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I have read this at the Science.com, and it's in the second line of the last paragraph.

A bow and arrow or an atlatl allows users to attack prey—and enemies—from a safer distance than does an ordinary spear.

I would have put it this way: A bow and arrow or an atlatl allows users to attack prey—and enemies—from a safer distance than an ordinary spear does.

So here are my questions:

  1. Are both of the two sentences right?

  2. When can I put the verb ahead of the noun? When is it a necessity?

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The verb first actually sounds better to me, unfortunately I'm not really able to describe why. –  Ataraxia Nov 8 '12 at 0:47

1 Answer 1

up vote 2 down vote accepted

It is a particular property of the pro-verb do (and also have, when it is a pro-verb, and be).

When one of these auxiliaries is used to stand for a verb phrase which has just been mentioned, after a conjunction like than or as, the verb may precede the subject:

He is going home now, as am I.

I want this to end, as do they.

The inversion is not compulsory, and tends to be associated with more formal or literary language than the uninverted form (your no. 2):

He is going home now, as I am.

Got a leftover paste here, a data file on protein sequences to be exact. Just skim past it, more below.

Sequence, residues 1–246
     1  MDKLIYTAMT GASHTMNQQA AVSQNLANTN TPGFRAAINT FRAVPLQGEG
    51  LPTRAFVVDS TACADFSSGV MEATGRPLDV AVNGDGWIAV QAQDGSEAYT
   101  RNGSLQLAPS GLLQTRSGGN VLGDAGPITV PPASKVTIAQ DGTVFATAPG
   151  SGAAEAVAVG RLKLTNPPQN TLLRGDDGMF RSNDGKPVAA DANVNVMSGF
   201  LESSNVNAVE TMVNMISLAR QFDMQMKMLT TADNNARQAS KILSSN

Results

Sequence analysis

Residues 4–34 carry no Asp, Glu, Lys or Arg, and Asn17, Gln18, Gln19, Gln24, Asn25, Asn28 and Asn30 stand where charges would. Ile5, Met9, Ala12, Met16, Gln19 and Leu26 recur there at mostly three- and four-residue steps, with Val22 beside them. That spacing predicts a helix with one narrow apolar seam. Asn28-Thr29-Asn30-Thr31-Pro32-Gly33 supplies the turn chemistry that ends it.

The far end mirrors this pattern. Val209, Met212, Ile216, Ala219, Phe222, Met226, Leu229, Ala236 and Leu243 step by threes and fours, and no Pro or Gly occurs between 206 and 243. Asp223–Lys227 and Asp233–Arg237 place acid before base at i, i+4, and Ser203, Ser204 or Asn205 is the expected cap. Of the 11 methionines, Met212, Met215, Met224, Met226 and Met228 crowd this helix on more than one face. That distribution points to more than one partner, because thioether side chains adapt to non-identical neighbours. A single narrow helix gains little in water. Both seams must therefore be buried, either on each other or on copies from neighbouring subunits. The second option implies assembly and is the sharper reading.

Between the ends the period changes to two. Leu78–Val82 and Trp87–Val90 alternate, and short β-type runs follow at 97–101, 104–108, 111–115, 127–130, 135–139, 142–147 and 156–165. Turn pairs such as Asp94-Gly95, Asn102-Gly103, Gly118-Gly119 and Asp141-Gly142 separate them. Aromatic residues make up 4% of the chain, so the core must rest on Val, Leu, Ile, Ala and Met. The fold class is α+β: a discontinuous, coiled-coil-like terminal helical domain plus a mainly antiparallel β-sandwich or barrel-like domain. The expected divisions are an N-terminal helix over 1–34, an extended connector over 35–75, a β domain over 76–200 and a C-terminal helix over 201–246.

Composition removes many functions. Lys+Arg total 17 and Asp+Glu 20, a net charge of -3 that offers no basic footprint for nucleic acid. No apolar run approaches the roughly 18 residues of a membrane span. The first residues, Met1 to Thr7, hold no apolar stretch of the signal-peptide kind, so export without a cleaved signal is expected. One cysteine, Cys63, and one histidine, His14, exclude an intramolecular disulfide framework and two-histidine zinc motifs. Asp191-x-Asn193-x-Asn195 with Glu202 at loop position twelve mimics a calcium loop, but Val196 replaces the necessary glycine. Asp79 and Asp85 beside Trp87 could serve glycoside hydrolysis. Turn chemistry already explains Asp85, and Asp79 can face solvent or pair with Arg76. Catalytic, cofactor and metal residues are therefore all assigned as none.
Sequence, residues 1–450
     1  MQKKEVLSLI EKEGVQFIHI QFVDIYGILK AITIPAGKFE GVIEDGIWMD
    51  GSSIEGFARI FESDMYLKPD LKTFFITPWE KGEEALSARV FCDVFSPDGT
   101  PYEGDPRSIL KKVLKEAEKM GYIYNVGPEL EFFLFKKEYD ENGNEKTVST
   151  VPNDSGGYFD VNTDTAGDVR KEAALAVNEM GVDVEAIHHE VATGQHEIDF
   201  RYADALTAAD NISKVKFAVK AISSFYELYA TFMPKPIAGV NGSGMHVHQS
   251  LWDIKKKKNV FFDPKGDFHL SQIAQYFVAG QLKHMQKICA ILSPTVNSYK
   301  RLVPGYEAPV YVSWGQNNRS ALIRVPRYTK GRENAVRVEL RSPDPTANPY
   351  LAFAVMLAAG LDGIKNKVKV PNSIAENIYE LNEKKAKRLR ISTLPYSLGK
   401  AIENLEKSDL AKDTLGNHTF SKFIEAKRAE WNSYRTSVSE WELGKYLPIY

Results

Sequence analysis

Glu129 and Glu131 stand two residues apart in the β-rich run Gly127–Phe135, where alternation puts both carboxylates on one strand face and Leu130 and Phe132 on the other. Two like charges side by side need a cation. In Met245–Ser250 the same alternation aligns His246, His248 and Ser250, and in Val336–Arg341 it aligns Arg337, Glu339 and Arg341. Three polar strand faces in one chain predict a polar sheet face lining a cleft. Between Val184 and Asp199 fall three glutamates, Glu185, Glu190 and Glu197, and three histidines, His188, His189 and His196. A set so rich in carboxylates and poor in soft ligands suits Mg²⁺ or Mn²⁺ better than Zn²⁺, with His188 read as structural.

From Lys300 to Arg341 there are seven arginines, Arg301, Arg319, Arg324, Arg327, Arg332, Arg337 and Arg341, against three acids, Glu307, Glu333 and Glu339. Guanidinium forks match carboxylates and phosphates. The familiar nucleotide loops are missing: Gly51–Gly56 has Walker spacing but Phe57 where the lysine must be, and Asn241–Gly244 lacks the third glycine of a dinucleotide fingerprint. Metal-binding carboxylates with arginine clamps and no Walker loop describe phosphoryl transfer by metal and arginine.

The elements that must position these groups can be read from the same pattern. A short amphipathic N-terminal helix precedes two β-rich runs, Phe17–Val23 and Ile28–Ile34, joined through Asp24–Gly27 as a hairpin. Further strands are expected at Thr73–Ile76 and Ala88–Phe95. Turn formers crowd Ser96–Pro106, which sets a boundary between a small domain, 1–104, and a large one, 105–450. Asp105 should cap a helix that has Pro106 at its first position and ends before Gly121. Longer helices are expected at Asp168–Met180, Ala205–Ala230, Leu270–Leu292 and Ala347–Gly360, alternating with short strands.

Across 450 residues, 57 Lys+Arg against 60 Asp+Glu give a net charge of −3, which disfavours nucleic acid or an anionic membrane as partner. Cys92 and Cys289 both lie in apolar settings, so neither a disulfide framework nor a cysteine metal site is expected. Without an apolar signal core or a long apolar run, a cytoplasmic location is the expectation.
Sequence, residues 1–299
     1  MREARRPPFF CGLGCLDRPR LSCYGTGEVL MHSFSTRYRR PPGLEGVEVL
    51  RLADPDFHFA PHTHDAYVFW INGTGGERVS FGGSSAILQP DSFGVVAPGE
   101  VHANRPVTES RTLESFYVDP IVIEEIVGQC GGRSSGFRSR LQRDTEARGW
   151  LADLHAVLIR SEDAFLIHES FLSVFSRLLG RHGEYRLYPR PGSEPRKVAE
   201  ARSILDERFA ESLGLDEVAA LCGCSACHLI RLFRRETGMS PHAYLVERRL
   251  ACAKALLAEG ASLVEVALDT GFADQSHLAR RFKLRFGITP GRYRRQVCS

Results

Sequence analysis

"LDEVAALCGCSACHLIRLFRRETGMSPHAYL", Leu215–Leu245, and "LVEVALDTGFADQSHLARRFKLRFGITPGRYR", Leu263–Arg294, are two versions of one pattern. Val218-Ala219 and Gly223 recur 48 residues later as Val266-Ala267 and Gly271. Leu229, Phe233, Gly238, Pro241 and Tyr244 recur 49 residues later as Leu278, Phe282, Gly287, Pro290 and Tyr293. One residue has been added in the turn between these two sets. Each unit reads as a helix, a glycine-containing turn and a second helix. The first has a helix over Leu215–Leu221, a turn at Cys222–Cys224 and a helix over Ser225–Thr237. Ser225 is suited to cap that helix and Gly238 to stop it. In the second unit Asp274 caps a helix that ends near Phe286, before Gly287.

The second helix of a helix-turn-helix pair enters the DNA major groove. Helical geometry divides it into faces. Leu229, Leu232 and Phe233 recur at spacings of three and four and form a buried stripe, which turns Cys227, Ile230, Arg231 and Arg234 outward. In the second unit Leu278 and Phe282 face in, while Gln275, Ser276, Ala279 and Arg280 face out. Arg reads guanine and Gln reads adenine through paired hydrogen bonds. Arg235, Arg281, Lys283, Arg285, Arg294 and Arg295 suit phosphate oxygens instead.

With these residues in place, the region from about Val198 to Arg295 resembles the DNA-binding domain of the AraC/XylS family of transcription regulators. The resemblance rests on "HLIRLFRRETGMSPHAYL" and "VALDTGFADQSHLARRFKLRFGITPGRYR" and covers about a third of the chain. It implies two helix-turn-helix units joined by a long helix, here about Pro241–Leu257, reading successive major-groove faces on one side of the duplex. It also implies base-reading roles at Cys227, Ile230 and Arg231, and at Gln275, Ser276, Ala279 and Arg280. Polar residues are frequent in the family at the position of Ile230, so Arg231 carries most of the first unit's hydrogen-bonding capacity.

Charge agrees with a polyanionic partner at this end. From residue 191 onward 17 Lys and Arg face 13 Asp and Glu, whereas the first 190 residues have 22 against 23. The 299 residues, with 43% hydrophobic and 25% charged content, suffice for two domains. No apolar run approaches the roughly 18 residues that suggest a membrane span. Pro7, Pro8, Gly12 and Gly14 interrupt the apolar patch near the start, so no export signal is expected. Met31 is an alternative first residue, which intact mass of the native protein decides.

There is a parallel with So used to mean also:

So does he!

but in this case, the inversion is compulsory, as without it the meaning will change:

So he does.

means either and therefore he does (whatever) or I am surprised or appreciative that he does (whatever) depending on the intonation; but it has no sense of as well.

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There is this Germanic left-branching tendency to replicate items backwards at the end of a sentence. Tag questions work that way, don't they? Chuck Fillmore once mentioned "a party game in which people English as if it a verb-final language were to speak induced are." –  John Lawler Nov 8 '12 at 1:39
    
@John Lawler: Haha - I like that one! I suppose it's horses for courses, but I'm glad the ordering in my native language doesn't force me to read that many words before I get to find out what's happening (i.e. - the verbs! :). –  FumbleFingers Nov 8 '12 at 2:12
    
Me, too. But over half the languages in the world are standard SOV. It's a very stable configuration. –  John Lawler Nov 8 '12 at 3:28
    
I was never a fan of Reverse Polish Notation. I'm surprised the fraction is "over half the languages in the world". –  Andrew Leach Nov 8 '12 at 6:44
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Now I think of it, other auxiliaries such as can and should show this pattern as well, though they're not common after than. –  Colin Fine Nov 8 '12 at 20:18

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